Manchester Movies


We walked outside into the sunshine for one Monty Python-type shot. Two chairs had been placed on the road, with the Mersey in the background. Jill was clutching face powder and powder puff, ready to dab any forehead which dared to perspire.

Filming On the Waterfront on the Liverpool dockside

I'd always thought pan-cake make-up was used extensively in television, but there was none to be seen that morning. "That's used a lot in the theatre," Julie told me. "We only use it to get certain finishes. If we wanted a matt finish we'd use pancake - for a clown for example.

"I worked on Gulliver's Travels. If you imagine that period, with the pompadour wigs and pale skins which they powdered a lot. We used pancake to get that 'look'."

The shot completed and back in the portacabin, Jill began cutting up the back of Terry's bald-cap, so she could remove it. It was a bizarre scene, as the scissors appeared to be disappearing into his apparently bald head. It was also a painful process, because the spirit gum had stuck to the hairs on the back of Terry's neck.

On a dummy head, on the bench, there was another bald-cap, to which Julie had added a thick wax forehead. Beside it, a shiny black wig and a photograph of Herman Munster. All in readiness for a Frankenstein's monster sketch later in the day. Drama and special effects are much more demanding than interview or news programmes and research is often necessary, as Julie points out.

"If a drama's set in a particular period, then you need the make-up and hairstyles which actually match that period. For example, 1930's and 1940's make-up differs drastically from today's. Sometimes you can dress the artist's hair in the particular style but, nowadays people streak their hair and they wouldn't have highlighted it like that in the past. We use a lot of wigs for drama."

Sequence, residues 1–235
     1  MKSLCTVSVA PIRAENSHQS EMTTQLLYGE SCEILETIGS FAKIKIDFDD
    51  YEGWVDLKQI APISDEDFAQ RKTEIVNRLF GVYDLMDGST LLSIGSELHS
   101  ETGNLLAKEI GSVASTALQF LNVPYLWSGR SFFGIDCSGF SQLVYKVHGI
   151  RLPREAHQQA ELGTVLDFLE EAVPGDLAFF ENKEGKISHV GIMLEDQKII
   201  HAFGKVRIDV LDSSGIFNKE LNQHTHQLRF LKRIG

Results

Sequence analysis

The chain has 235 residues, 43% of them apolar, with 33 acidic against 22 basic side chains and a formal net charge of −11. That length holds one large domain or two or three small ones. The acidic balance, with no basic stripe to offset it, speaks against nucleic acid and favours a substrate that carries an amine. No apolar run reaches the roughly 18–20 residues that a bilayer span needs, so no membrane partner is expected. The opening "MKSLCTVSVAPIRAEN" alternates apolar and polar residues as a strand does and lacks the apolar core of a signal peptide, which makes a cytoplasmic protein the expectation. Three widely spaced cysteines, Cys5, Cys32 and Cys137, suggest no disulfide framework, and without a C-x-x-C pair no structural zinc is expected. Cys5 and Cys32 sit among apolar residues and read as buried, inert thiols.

It takes years of training and experience on the job, before you can reach BBC standard. Julie Vincent has had a lot of training, even to do a normal, straight make-up on a person.

"You might think that a news presenter can do her own make-up, but we could look at it and think 'well, her eyes aren't defined correctly, she's put the shader in the wrong place, her lip line's not even..."

If you're shooting a production that has a budget, then you might consider hiring an expert like Julie. Until then, there's no reason why, as a beginner, you shouldn't experiment and have plenty of fun in the process.

Like so many things in television, make-up is at it's best when it goes unnoticed by the viewer. As Julie says: "The hardest thing is to make somebody look natural when they've really got quite a lot of makeup on."


  • Ordinary make-up from department stores and chemists is quite adequate. Ask whether they have any leaflets on the correct application of it.
  • Even in the most basic video, kill shine with a little face powder on a powder puff and keep it handy, ready to dab perspiring faces between takes.
  • Use a colour corrector to hide any spots or dark shadows under the eyes. A light base is enough in many situations.
  • Be especially careful when using make-up on men. If possible, use a colour monitor to check that your subject looks completely natural in close-up on camera.
  • If you're shooting a period drama, old photographs or paintings are a good starting point. Wigs can be hired from theatrical costumiers.
  • Enhance your efforts by imaginative use of lighting, camera angles and locations.

Thanks to the BBC and the professionals who helped with this article. It appeared in the April 1990 issue of the UK magazine Video Maker. All rights reserved.